PC Power Supply Buyer’s Guide

How to Make Sure You Get the Right Type of PSU to Match Your Needs

Power supply units (PSUs) are often overlooked when building a desktop computer system. A poor quality power supply can greatly reduce the life span of a good system or cause instability. A high quality one can also help reduce the noise or heat generated within a computer system. Whether you are buying one for a new computer or replacing a old unit, here are some tips for purchasing a desktop PC power supply.

Avoid Power Supplies Under $30

Most power supplies that are priced below $30 generally do not meet the power requirements of the latest processors. To make matters worse, the components used in them are of inferior quality and more likely to fail over time. While they may power the computer system, inconsistencies in the power to the components will tend to cause instability and damage to the computer over time. Because of this, I generally do not recommend they extremely low cost power supplies.

ATX12V Compliant

Developments in processors, the PCI Express bus and graphics cards have all increased the amount of power required to operate them. To help provide this extra power, the ATX12V standard was developed. The problem is that it has been revised over time with various different power supply connectors to meet the necessary specifications. Make sure that it comes with the proper main power leads that you need for your motherboard.

One way you can tell whether a power supplies is compliant with your computer components is to check the type of power connectors are supplied to the motherboard. If it is missing one of the connectors your motherboard needs, it probably does not support the proper ATX12V standard.

Knowing the Wattage Ratings

Wattage ratings on power supplies can be deceptive as this is the total combined wattage of all the voltage lines and generally under peak rather than sustained loads. With the increased demands by components, the total required output particularly for the +12V line has become increasingly important especially for those that are using dedicated graphics cards. Ideally a power supply should have at least 18A on the +12V line(s). The actual load you need will vary depending upon your components. If you are not planning on using a graphics card, a 300 Watt power supply is probably sufficient but if you are running one or more graphics cards, be sure to check out the manufacturer’s recommended PSU wattage.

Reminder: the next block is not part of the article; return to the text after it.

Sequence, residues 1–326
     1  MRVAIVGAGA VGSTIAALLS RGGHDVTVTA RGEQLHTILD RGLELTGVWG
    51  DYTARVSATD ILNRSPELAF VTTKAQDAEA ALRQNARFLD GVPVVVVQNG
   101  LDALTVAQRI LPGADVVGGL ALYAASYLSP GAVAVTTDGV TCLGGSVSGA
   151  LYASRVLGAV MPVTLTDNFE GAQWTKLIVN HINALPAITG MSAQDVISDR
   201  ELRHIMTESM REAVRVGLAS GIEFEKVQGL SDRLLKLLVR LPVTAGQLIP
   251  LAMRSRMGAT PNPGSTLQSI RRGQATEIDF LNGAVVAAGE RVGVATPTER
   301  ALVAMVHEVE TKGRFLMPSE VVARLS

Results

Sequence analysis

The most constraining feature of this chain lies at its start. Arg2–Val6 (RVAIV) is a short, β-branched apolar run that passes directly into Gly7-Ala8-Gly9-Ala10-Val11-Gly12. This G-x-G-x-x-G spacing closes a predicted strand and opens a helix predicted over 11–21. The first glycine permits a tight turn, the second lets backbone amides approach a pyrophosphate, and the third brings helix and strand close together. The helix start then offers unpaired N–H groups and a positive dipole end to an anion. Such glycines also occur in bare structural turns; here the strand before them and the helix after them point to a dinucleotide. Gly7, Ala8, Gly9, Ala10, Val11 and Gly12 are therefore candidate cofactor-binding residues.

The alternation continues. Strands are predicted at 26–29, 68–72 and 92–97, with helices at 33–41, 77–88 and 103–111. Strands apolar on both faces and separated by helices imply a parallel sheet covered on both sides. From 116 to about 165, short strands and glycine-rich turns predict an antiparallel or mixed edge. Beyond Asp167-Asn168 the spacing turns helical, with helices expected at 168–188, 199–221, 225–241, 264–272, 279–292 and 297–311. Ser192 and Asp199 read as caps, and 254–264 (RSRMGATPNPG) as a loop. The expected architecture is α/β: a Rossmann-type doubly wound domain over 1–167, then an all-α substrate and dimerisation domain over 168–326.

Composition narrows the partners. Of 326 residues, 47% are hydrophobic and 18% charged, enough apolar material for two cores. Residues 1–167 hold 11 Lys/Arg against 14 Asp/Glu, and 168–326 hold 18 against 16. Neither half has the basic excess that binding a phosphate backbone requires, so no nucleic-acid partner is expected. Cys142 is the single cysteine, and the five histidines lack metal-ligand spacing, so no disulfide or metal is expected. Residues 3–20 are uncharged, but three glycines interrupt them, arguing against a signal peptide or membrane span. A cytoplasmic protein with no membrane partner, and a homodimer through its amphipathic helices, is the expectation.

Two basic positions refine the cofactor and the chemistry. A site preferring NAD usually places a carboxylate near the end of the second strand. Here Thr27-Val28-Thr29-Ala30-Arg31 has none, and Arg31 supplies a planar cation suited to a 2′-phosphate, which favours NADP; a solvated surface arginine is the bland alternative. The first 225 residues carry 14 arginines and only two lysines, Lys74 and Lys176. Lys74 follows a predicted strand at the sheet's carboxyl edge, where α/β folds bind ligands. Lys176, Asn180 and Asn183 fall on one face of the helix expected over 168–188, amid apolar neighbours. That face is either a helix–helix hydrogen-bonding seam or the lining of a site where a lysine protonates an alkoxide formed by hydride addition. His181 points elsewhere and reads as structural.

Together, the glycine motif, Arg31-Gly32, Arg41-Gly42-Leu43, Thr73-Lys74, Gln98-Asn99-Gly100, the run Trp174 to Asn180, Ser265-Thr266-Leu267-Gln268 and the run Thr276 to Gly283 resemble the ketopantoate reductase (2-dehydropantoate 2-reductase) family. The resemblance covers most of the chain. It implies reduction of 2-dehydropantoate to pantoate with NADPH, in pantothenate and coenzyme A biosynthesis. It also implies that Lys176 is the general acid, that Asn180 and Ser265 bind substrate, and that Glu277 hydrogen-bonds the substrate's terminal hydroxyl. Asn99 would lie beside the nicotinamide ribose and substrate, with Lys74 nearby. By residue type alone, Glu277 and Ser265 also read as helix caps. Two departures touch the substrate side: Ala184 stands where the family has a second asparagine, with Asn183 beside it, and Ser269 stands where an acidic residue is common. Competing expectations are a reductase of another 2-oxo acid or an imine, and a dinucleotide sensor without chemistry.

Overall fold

Having the Right Type and Number of Connectors

There are a variety of different power connectors that come off a power supply. Some of the different connectors include 20/24-pin power, 4-pin ATX12V, 4-pin Molex, floppy, SATA, 6-pin PCI-Express graphics and 8-pin PCI-Express graphics. Take stock of what power connectors your PC components require to ensure you get a power supply with the appropriate connectors. Even if it might lack some connectors off the power supply, check what cable adapters the power supply may include to mitigate the problem.

One other thing to consider is modular cables. Higher wattage power supplies tend to have a large number of cables running off of them. If you have limited space within your case, this may cause issues as you have to bundle the cables up. A modular power supply offers power cables that can be attached only if you need them. This helps reduce cable clutter which can restrict airflow and make it difficult to work within a computer.

Physical Size

Most people don’t give much consideration to the actual size of the power supply. After all, are they not all a standard size? While they are general guidelines for the size of the units, they actually can vary a good deal and make it difficult to git within your computer case.

For instance, higher wattage power supplies tend to be a bit longer to hold the additional power components they need. This may cause issues with cable routing or even fitting in other internal components. Finally, if you are using a small form factor case, it may require a specialized power supply such as SFX rather than ATX.

Low or No Noise

Power supplies generate a lot of noise from fans used to keep them from overheating. If you don’t want a lot of noise, there are a number of options available. The best choice is for a unit that either uses larger fans that move more air through the unit at slower speeds or to get one with temperature controlled fans. Another option is fanless or silent power supplies that generate no noise but these do have their own drawbacks.

Power Efficiency

Power supplies convert voltages from wall outlets to lower levels used by the PC. During this conversion, some power is lost as heat. The efficiency level of the PC determines how much extra power must be put into the power supply to run the PC. By getting a more efficient power supply, you end up saving money through the use of less overall electricity. Look for a unit that has the 80Plus logo showing that it has passed certification. Just be warned that some of the highest efficiency power supplies may cost so much more that the power savings does not match their increased cost.